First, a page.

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William F. Hanna fonds
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0.05 m of textual records.
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William Fielding Hanna was an outstanding Canadian scientist who contributed to the advancement of cereal crop production in western Canada and in Njoro region (Kenya), Africa. He was born on November 12, 1892 in Middle Musquodoboit, Nova Scotia and graduated from Dalhousie University (Arts, Law) in 1914. During the First World War, William Hanna served with the Canadian Corps Cyclists, Cameron Highlanders, Royal Flying Corps, and Royal Air Force (1914-1918). After the war, he began farming in Alberta and became interested in potential research in botany, plant pathology, soil, and climate sciences to improve agricultural production in the prairie's provinces. His interests led him to begin his study at the University of Alberta. He graduated with B.Sc. (1922) and M. Sc. Honours (1923) degrees, winning the Governor General's gold medal. Being awarded the first scholarship by the Canadian Society of Technical Agriculturists, he moved to Winnipeg (1923) and worked on his doctoral and post-doctoral degrees to do special mycological research in Professor Reginald Buller's laboratory at the University of Manitoba (1923-1924). In the 1930's, William Hanna also studied at the Imperial College of Science (London, U.K), the University of Minnesota, and the Heidelberg University.
During the Second World War, he was a reserve pilot and a Group Captain and Director of Plans for the Royal Canadian Air Force. (1939-45). He was instrumental in organizing flight training and planning strategic multilateral air defense and was a commander of the 112th Squadron R.C.A.F. William Hanna received international recognition as a decorated Officer of the United States Legion of Merit. Following the Second World War, he returned to Winnipeg and became an Officer-in Charge of the Dominion Laboratory of Plant Pathology, Science Service, Canada Department of Agriculture. His appointment as Chief of the Botany and Plant Pathology Division (1952-1958) prompted him to move to Ottawa. After his retirement, he relocated to a farm near Bridgetown, Nova Scotia while still conducting the research project for Agriculture Canada. Between 1966 and 1968, he headed the Canada External Aid, Rockefeller Foundation at the University of Manitoba. His team was responsible for wheat breeding projects including training. William Hanna became an advisor to Kenya's Minister of Agriculture. The program produced rust-resistant varieties of wheat suited specifically to East Africa's (Njoro region) climate conditions. Dr. William Hanna's scientific work was widely recognized. He received the Order of Canada (1969). He published more than fifty scientific papers and was a popular speaker. As a speaker, he was invited to attend the U.S.S.R. Science Congress in Moscow (1954). His perspective on the humanitarian potentials of science enabled him to form many cooperative bonds between international research groups. The University of Manitoba established the Dr. W.F. Hanna Memorial Lectures to recognize his contributions to the University of Manitoba following his death in 1972. (For a more indepth look at Dr. Hanna's life consult Thorvaldur Johnson's article in the proceedings of the Royal Society of Canada, Series IV/ Volume XI 1973 found in Box 1 Fd. 1 of the fonds)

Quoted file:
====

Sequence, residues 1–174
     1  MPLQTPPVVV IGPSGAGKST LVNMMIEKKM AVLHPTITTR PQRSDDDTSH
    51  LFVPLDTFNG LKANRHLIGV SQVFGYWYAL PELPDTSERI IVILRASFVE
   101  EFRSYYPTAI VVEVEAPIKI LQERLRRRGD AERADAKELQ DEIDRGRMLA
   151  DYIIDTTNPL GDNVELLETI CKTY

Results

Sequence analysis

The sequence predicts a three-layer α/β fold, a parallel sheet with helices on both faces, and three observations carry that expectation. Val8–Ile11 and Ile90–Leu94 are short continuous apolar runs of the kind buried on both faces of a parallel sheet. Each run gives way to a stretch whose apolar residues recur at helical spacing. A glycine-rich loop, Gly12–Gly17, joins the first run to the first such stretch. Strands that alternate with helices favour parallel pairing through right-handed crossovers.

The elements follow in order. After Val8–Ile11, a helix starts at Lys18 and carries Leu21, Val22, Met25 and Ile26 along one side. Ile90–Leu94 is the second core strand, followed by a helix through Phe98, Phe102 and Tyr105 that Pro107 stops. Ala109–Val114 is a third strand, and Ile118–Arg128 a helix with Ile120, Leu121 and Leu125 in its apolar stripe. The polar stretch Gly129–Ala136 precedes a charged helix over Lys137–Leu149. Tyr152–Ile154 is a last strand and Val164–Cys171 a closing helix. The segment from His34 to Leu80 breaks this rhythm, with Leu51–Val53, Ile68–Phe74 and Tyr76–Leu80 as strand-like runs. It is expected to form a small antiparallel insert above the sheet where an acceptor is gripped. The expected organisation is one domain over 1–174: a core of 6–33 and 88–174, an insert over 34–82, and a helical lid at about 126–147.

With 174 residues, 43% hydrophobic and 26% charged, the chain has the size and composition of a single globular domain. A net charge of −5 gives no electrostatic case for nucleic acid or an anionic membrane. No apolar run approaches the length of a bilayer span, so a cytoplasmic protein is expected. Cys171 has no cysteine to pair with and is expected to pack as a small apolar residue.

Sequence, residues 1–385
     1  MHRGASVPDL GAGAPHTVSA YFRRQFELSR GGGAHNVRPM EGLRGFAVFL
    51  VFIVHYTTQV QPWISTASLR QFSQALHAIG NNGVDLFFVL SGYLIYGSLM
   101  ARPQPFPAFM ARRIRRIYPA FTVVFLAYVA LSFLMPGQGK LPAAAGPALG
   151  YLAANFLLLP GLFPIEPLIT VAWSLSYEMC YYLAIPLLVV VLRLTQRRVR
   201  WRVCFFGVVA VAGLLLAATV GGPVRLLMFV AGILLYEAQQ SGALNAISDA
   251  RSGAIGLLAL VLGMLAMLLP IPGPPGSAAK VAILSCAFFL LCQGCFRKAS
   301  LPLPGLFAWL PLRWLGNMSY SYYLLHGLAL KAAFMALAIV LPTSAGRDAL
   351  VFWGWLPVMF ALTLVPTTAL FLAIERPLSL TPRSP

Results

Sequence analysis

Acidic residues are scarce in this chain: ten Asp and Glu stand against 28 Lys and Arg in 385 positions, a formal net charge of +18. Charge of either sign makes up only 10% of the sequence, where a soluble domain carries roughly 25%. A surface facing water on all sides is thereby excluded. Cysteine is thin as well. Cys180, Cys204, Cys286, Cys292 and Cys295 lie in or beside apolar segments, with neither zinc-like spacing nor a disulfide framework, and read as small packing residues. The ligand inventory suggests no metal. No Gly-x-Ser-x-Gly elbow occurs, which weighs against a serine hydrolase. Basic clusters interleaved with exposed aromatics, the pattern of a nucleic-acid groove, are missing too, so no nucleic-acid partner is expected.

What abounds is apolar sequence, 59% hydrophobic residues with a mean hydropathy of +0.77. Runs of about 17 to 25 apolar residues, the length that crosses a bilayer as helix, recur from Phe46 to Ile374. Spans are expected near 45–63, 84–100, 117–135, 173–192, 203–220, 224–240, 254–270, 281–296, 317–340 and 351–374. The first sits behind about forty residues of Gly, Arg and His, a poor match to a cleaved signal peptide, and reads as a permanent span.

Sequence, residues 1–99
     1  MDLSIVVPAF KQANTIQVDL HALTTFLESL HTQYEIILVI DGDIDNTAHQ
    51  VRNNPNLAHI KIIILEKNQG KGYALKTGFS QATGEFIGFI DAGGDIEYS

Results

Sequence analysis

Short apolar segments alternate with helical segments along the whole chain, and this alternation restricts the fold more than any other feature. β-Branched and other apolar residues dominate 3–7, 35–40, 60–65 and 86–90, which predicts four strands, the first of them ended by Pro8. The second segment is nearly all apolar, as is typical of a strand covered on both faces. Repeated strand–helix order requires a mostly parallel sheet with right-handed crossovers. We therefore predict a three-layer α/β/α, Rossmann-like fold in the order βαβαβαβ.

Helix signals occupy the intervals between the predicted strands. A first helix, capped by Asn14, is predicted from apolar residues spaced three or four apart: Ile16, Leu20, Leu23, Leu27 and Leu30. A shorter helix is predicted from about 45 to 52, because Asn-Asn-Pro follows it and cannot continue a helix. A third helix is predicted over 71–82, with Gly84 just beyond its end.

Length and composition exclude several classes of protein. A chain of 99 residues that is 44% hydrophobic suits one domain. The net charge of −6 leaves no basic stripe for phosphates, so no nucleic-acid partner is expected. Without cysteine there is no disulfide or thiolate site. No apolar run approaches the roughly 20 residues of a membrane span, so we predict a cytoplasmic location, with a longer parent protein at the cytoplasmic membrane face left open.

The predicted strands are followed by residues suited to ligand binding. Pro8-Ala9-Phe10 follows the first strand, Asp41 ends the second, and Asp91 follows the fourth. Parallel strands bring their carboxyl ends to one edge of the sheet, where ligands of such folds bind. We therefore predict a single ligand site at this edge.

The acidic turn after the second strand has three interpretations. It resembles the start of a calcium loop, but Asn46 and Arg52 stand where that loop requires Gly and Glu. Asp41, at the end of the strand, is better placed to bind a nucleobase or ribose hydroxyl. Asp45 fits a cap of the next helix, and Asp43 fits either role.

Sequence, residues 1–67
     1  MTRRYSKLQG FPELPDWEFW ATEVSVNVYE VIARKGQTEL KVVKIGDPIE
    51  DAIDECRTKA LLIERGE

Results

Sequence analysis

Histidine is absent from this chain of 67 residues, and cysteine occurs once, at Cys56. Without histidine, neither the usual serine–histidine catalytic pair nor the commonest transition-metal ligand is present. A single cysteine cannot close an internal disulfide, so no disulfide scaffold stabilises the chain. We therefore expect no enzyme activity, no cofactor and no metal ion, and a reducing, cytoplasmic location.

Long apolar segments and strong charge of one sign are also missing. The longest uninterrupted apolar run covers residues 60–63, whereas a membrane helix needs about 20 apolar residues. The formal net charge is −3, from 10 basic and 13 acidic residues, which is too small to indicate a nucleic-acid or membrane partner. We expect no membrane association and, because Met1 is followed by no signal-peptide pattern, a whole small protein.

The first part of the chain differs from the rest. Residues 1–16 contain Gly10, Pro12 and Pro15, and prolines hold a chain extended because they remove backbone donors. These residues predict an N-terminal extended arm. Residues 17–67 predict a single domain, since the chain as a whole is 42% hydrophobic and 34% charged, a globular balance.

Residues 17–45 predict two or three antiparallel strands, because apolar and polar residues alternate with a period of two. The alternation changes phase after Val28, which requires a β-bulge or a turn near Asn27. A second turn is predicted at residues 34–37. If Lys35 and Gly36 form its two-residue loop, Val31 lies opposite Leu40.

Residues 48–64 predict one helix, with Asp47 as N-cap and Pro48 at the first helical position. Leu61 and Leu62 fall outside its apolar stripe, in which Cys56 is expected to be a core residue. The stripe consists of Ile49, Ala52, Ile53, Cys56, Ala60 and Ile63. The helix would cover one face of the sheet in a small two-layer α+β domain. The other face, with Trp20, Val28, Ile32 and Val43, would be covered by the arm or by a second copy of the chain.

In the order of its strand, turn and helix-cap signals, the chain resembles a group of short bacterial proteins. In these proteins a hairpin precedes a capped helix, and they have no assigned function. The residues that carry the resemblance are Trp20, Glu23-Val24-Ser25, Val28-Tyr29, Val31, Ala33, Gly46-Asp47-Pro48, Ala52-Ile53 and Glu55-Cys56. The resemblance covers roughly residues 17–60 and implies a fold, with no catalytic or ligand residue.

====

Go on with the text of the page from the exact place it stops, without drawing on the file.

The fonds was donated to University of Manitoba Archives & Special Collections by Rosemary Hanna in 2007.
Scope and content
The fonds consists of Dr. William F. Hanna's correspondence, Dr. J.H. Craigie's correspondence, A.H. Reginald Buller's biographies, Hanna's Memorandum on the Rust Disease of Wheat, and his verses.
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Faculty of Agricultural and Food Sciences fonds (UA 21) and A.H. Reginald Buller fonds (MSS 184).